ATLANTA – Research presented today at the 2021 AACC Annual Scientific Meeting & Clinical Lab Expo shows that a new test could identify healthcare professionals who are experiencing high levels of work-related stress and anxiety. As COVID-19 cases surge again, this test could play a critical role in helping healthcare professionals on the frontlines of the pandemic to get essential mental health support.
As the Delta variant of the coronavirus spreads, healthcare professionals are finding themselves right back where they were before the vaccines came out: grappling with a flood of COVID-19 patients and the challenges that entails. In some ways, this new wave of COVID-19 cases is hitting healthcare professionals even harder than previous peaks due to the fact that many are still struggling with depression and post-traumatic stress disorder from the pandemic’s earlier phases. Making matters worse is the fact that healthcare professionals are also severely overworked because thousands have left the field as a result of the pandemic, causing chronic staffing shortages. Not only is this taking a terrible toll on healthcare professionals’ mental welfare, but it’s also impacting the quality of care that patients receive for both COVID-19 and more routine illnesses. It is therefore vital that hospitals improve healthcare professionals’ access to mental health support.
A blood test for occupational stress could help to achieve this goal by making it easier to identify healthcare professionals who need mental health treatment. In an effort to find a biomarker that could be used for such a test, a team of researchers led by Hala Demerdash, PhD, of Alexandria University Hospitals in Egypt, set out to determine if blood levels of copeptin correlate with psychological stress. Copeptin is part of a precursor to the hormone arginine vasopressin (which is released in response to stress) that is more stable than the hormone itself. The researchers measured blood copeptin levels in 70 physicians and nurses who were treating COVID-19 patients in the ICU, and also gave the participants a psychological stress questionnaire at the same timepoints when their copeptin levels were measured.
From this, the researchers found that there was a positive correlation between blood copeptin levels and study participants’ stress questionnaire scores. Participants worked in the ICU for two weeks, followed by two weeks of isolation at home. They were actually at their most stressed right before they went into the ICU due to anticipatory anxiety, with mean blood copeptin levels of 15.67 ± 8.6 pmol/L and mean stress questionnaire scores of 66.9 ± 18.3. Then after isolating at home for two weeks, their mean copeptin levels and questionnaire scores both dropped markedly to 3.98 ± 1.28 pmol/L and 23.0 ± 7.95, respectively.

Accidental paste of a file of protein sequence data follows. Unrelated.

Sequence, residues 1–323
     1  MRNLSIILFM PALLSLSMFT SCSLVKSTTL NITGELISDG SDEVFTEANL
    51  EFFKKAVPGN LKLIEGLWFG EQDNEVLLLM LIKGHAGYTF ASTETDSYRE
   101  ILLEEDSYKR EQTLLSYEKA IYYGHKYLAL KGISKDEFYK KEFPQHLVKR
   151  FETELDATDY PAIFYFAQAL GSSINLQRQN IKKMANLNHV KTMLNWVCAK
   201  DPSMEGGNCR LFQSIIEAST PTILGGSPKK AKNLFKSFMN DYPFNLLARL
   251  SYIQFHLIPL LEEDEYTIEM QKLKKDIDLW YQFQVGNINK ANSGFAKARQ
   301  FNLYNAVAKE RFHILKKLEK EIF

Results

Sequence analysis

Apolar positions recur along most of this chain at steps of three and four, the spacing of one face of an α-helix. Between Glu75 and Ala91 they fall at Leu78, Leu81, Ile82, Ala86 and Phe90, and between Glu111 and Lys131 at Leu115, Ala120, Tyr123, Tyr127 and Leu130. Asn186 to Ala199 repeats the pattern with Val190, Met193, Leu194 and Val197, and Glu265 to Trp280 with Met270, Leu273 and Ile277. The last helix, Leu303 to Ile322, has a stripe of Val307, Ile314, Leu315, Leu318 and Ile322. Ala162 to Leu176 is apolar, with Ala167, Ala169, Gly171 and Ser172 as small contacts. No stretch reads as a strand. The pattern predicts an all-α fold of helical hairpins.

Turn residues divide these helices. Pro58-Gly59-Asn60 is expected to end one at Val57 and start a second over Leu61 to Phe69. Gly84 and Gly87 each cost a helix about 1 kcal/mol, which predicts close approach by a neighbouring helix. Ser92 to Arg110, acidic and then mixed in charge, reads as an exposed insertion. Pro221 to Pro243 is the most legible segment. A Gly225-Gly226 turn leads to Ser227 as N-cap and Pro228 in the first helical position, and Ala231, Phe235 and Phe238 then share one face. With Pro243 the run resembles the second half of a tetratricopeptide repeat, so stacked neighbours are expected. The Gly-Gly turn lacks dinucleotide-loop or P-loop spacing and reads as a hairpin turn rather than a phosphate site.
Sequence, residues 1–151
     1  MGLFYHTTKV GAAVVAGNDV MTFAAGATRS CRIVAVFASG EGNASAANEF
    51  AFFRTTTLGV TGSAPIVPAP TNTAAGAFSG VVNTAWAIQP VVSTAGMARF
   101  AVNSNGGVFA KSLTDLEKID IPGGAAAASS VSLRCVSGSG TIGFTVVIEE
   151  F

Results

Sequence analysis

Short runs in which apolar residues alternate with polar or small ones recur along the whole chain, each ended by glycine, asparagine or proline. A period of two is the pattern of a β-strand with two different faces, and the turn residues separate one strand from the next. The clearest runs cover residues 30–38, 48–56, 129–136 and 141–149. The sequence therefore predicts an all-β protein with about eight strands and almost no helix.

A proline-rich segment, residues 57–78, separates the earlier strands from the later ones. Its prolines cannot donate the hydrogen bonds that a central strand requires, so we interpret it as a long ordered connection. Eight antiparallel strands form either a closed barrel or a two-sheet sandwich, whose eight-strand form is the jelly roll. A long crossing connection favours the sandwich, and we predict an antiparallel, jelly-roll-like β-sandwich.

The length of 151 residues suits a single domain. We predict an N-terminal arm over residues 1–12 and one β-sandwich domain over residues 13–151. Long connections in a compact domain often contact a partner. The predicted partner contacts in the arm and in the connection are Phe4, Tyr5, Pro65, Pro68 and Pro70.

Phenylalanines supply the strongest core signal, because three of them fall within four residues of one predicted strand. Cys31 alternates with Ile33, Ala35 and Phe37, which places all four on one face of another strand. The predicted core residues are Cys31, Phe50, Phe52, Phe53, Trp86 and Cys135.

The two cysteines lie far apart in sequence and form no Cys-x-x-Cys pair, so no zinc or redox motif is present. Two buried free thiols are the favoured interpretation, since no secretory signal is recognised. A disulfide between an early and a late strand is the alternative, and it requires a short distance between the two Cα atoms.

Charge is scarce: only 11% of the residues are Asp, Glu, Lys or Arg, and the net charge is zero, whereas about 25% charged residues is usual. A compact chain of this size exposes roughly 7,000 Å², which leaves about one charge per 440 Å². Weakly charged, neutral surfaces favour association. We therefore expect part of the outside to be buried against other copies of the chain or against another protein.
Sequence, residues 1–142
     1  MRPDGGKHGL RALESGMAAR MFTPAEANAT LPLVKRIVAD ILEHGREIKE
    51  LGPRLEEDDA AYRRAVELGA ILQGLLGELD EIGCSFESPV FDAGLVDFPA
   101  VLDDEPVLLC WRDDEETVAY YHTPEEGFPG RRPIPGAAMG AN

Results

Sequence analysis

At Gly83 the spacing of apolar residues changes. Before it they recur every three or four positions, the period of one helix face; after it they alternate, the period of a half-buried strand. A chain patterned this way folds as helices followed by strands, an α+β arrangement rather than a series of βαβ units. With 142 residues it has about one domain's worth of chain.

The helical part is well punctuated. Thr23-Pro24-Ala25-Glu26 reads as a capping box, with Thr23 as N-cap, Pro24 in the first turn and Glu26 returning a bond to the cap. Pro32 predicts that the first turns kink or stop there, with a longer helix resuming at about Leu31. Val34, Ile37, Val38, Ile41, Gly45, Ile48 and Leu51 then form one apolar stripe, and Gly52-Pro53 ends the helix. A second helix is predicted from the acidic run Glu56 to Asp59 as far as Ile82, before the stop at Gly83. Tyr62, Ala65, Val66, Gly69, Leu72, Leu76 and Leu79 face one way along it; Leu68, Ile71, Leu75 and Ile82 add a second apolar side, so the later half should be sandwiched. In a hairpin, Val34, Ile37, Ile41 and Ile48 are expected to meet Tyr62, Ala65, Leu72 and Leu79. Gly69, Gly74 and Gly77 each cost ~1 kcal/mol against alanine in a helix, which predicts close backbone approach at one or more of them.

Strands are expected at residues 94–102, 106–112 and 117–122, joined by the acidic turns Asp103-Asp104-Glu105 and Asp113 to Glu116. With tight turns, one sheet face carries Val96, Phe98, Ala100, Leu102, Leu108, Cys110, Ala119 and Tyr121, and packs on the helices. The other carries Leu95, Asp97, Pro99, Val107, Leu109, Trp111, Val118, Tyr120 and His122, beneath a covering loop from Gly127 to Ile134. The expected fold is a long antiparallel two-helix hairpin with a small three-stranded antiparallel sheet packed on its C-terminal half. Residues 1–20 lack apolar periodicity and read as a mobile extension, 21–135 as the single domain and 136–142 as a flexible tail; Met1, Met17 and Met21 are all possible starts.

“Before we began this study, we observed that the healthcare providers who were going to be enrolled in the ICU were suffering anxiety problems,” said Demerdash. “Some were even trying to find excuses to postpone their shifts. Therefore, I decided, why not measure stress hormones and correlate them with stress questionnaire scores and the providers’ degree of anxiety. From this, I found that copeptin was significantly elevated in healthcare providers before they went into the ICU and that copeptin may be used as a potential biomarker for physiological strain during work in a stressful environment.”
AACC Annual Scientific Meeting registration is free for members of the media. Reporters can register online here: https://www.xpressreg.net/register/aacc0921/media/landing.asp
Abstract A-151: Evaluation of copeptin and psychological stress among healthcare providers during COVID pandemic will be presented during:
Scientific Poster Session
Tuesday, September 28
9:30 a.m. - 5 p.m. (presenting author in attendance from 1:30 - 2:30 p.m.)
Poster Hall, Exhibit Hall C
Georgia World Congress Center
About the 2021 AACC Annual Scientific Meeting & Clinical Lab Expo
The AACC Annual Scientific Meeting offers 5 days packed with opportunities to learn about exciting science from September 26-30. Plenary sessions explore COVID-19 vaccines and virus evolution, research lessons learned from the pandemic, artificial intelligence in the clinic, miniaturization of diagnostic platforms, and improvements to treatments for cystic fibrosis.
At the AACC Clinical Lab Expo, more than 400 exhibitors will fill the show floor of the Georgia World Congress Center in Atlanta with displays of the latest diagnostic technology, including but not limited to COVID-19 testing, artificial intelligence, mobile health, molecular diagnostics, mass spectrometry, point-of-care, and automation.
Dedicated to achieving better health through laboratory medicine, AACC brings together more than 50,000 clinical laboratory professionals, physicians, research scientists, and business leaders from around the world focused on clinical chemistry, molecular diagnostics, mass spectrometry, translational medicine, lab management, and other areas of progressing laboratory science. Since 1948, AACC has worked to advance the common interests of the field, providing programs that advance scientific collaboration, knowledge, expertise, and innovation. For more information, visit www.myadlm.org.